That TED talk was inspired by my experience responding to the Pakistan earthquake in 2005. Towns were completely flattened. I was trying to figure out why somebody who lives in an earthquake zone would put their family in a house that had no reinforcement. The conclusion I reached is that it was all about education. It’s so crucial because it gives perspective. When you have perspective, you think beyond tomorrow, you think about the future.
KL: That brings us to the earthquake on the Turkish- Syrian borders. You could see a real difference in outcomes and response on either side of the border. It must be very frustrating to see that again.
MP: The one phrase I’ve heard in my career more than anything else is “never again”. It also applies to building standards. We spend vast sums of money on responding to immediate problems and very little on disaster risk mitigation. The trouble with disaster risk management is it can be difficult to say we’ve done well, nothing terrible happened. But that’s precisely the point.
KL: I look at some of the extraordinary generosity of people responding to disasters, even at times of hardship and a cost of living crisis. How do we make development more sustainable, more long-term?
MP: I think we are extraordinarily generous, but we are not always generous in the right way, or we’re not always well-informed as to how to be generous. So for example, the drive to donate goods that we saw after the invasion of Ukraine. There was a wonderful outpouring of support and solidarity. But if you look at it from a purely economic perspective, it is far cheaper to buy nappies in Ukraine than it is for someone to donate them here and ship them to Ukraine.
Real sustainability, when it comes to development, is when we start to think of it as an economic and commercial activity. Aid logistics is good – but Coca-Cola is better. When you can actually build a sustainability argument into commercial activity, it does better than aid over the longer term.
Of course we also need humanitarian aid. We need the capability to respond when there is a natural disaster. But so much can be solved through economics and not necessarily just through charity.
KL: Three years ago you co-founded The Sustainability Group. Why the change?
MP: It’s linked to what I’ve been talking about. If the vast majority of your economy is commercial and not charitable, then you have a far greater impact by encouraging businesses to improve their practices. The other issue is that nearly all the sustainability solutions out there are being championed by big multinationals. However, 98% of the businesses in our economy are small and medium-sized enterprises. Many of them would love to have greater social and environmental impact, but don’t know where to start. We have a technology product called FuturePlus that helps companies understand what sustainability means for their business. We can help them quantify their intent and monitor their impact in real-time.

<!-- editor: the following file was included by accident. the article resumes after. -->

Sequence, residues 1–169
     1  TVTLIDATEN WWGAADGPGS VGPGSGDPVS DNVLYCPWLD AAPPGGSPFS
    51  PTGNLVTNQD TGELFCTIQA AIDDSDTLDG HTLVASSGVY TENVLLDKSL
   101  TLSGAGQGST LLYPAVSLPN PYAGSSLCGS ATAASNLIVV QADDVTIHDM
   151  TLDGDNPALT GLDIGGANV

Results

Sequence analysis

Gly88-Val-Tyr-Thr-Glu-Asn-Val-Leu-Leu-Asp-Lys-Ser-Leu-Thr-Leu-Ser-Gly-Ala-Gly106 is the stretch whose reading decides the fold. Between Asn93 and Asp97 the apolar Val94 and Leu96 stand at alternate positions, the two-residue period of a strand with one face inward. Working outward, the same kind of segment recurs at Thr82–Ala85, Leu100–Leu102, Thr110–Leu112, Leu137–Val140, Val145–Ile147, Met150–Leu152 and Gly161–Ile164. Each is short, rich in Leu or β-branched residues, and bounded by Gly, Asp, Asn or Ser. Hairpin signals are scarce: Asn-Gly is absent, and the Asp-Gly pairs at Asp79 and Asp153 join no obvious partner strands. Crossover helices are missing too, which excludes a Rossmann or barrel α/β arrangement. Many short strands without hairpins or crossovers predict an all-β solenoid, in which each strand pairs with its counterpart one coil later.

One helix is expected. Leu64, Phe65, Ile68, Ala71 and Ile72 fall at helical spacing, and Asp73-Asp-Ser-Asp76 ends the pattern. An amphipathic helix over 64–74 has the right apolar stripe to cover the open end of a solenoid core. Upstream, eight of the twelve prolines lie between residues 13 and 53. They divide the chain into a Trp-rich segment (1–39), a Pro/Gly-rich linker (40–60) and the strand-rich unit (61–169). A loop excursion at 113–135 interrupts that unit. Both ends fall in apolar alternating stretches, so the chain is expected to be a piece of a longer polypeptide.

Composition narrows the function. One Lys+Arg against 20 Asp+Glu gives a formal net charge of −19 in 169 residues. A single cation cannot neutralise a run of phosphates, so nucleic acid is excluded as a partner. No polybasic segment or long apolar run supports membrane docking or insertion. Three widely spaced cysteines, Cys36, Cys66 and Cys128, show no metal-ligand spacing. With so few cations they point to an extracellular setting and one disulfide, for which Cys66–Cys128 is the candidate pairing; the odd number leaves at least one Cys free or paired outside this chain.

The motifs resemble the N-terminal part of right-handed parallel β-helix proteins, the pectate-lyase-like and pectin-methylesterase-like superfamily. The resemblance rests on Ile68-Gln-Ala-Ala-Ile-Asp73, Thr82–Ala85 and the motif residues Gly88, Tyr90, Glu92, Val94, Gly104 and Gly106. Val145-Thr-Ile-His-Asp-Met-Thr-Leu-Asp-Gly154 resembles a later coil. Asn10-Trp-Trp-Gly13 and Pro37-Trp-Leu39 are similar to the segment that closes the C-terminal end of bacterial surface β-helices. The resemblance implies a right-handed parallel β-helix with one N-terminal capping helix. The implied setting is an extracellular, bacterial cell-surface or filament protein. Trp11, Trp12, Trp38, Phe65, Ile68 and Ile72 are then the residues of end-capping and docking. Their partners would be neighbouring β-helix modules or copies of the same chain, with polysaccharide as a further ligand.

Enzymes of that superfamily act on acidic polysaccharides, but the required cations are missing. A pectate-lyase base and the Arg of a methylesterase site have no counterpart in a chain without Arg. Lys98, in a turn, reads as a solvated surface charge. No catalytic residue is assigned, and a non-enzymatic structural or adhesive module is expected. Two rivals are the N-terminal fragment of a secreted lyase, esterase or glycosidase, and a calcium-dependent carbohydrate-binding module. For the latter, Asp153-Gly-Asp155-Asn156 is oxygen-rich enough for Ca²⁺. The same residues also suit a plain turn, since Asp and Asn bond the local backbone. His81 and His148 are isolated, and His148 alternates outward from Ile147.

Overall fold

KL: There’s been a lot of press comment over the last few weeks about the charity you’ve been involved with to deploy the sale proceeds of Chelsea Football Club for the benefit of those impacted by the invasion of Ukraine. What are the stumbling blocks?
MP: We are ready to go. The stumbling block is a difference of opinion on the extent to which we have to limit the application of aid within the geographical border of Ukraine.
There are humanitarian needs inside Ukraine, but it is one of the best-funded humanitarian crises in history. The refugees in Moldova, Poland, the UK and elsewhere are receiving far less assistance than they should. We need to be an independent charity free to help the most vulnerable – and that includes refugees.
There are fundamental humanitarian principles at stake here. Under international law, humanitarian aid must be applied impartially and neutrally. What we’re seeing now, with these arguments about how to best apply the money, is actually the politicisation of aid. The consequences of that can be quite profound.
For example, in Afghanistan, the military would always ask us why we wouldn’t work with them. I explained that my organisation had worked in Afghanistan for years and would continue to do so when Western armies left – potentially under the Taliban again. And that, of course, is exactly what happened. If we take sides at any point, we jeopardise the ability of humanitarian organisations to operate in a conflict zone.
With the foundation that we’re setting up, we have strict rules in place to adhere to sanctions. However, we should still be able to operate with all civilians. The trouble at the moment is that if we ally ourselves politically with one side and the tide of war changes, it could affect the provision of humanitarian aid. And that can’t happen. I believe in that really profoundly.
KL: I could hear the passion in your voice as you’re talking about that. Mike, thank you so much. I have enjoyed every moment of our conversation.
MP: It’s been an absolute pleasure. Thank you.